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Perhaps my nose is too much in my tutorial, at present, but nonetheless hasten to add that any two channels of these color fields can be normalized and the 2-vectors regarded as sines and cosines of orientation angles. This permits the drawing of vector art via polygon() that align with the flow patterns, this either as a final result or as an intermediary for other blending. For example, one could draw “paint up-welling ellipses” that align along the contour lines of closely related hues. Such could emulate some of the mottling seen with the physical paint. Enjoy the hunt!

Thank you for the link!

Closest Wikipedia article (in English) is Paper Marbling, with a German analogue: Marmorpapier. A side-by-side reading is interesting, as the two go into different details.

Thank you Garry for the addition, really interesting the Japanese method. I’m quite curious what the computer artists might design, possibly an algorithmic Suminagashi ?

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Some (many) years ago, visiting turkey, in central turkey I went in a workshop of Ebru art. It was really mind-blowing to see all the different textures and also paintings they were able to make.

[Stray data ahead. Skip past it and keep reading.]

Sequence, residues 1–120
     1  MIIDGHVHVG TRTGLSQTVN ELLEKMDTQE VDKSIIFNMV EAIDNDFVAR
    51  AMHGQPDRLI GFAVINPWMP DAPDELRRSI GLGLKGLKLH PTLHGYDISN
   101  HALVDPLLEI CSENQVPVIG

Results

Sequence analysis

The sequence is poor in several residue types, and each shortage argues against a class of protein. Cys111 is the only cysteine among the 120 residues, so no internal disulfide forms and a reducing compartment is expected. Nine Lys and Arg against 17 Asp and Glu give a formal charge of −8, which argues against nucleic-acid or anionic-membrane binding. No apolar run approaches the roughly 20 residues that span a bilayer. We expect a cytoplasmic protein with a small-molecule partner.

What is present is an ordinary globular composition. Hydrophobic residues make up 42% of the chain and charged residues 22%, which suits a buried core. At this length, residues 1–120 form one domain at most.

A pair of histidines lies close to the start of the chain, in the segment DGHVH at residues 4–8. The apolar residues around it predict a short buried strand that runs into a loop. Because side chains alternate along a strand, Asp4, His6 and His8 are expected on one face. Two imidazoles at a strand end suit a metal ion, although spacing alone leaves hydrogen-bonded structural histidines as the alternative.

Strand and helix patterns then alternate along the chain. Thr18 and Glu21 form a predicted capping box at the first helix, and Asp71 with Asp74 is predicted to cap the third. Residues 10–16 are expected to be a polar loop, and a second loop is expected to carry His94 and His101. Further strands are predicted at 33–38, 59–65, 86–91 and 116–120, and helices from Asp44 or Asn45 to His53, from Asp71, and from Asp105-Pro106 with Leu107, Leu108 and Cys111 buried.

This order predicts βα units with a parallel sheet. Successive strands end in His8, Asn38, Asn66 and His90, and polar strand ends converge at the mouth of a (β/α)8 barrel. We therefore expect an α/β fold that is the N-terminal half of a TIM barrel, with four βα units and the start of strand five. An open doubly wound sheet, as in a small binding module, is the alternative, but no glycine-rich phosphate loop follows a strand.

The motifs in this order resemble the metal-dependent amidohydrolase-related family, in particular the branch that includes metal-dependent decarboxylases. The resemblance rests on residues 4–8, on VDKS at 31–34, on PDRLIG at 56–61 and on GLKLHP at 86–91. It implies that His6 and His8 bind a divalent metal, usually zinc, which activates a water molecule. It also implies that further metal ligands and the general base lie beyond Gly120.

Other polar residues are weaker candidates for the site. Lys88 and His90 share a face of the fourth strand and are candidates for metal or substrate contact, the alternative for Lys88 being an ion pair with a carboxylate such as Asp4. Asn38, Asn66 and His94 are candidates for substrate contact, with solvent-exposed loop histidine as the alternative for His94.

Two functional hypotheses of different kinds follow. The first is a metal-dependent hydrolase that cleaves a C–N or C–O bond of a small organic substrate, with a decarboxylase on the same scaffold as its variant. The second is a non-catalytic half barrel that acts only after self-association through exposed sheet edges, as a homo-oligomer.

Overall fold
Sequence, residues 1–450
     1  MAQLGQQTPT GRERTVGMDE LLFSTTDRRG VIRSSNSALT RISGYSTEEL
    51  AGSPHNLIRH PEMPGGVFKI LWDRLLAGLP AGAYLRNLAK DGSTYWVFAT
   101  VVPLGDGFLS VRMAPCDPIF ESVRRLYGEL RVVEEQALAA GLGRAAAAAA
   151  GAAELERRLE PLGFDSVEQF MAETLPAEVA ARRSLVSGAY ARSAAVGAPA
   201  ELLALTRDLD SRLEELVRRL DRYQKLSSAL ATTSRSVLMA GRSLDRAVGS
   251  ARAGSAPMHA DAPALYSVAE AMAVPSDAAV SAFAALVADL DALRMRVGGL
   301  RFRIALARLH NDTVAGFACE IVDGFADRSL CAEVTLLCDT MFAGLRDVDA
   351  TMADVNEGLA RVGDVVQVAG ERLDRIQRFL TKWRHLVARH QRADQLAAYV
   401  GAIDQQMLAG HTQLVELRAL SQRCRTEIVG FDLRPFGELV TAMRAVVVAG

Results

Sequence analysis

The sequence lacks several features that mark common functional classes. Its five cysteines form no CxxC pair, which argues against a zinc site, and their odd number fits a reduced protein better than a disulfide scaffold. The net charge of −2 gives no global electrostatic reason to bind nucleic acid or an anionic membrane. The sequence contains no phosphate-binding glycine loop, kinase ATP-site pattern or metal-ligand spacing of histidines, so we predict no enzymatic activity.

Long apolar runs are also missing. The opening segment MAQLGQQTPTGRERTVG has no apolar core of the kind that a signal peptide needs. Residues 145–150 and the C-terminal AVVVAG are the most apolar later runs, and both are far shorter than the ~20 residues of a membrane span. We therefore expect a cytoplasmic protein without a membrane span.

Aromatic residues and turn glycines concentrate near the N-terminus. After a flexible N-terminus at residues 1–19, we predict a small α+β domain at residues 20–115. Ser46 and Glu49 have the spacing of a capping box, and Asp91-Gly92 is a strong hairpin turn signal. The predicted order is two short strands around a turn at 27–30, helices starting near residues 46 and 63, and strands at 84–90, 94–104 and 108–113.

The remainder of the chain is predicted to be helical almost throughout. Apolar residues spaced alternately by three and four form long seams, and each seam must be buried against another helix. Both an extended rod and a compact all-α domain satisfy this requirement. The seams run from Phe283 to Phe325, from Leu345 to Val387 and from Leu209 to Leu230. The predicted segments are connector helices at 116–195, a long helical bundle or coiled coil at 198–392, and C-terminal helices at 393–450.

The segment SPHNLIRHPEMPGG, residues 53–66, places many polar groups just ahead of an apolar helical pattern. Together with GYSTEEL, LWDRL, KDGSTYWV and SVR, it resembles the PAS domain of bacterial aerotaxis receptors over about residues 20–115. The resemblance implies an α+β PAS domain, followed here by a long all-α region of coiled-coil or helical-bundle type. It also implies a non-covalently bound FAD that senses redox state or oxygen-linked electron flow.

My brother who made book bindings as a hobby, used to buy “papier à la cuve” in Firenze. I remember it was quite expensive.
Those techniques are quite different from acrilyc pouring or epoxy pouring

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There is " for free or how about 5.00 €" software called “Verve Painter”. Only for Windows. But it can do exactly what is asked here. Maybe interesting to take a look at? You must have a very good video card for this, (or) it turns your computer into a toaster.

He has also a webapp: Vervette Fluid Sandbox v1.6

@David_Tschumperle @afre @grosgood
I found something in G’MIC about these textures, [Colors>Metallic Look], play with the smoothness slider… Can this help?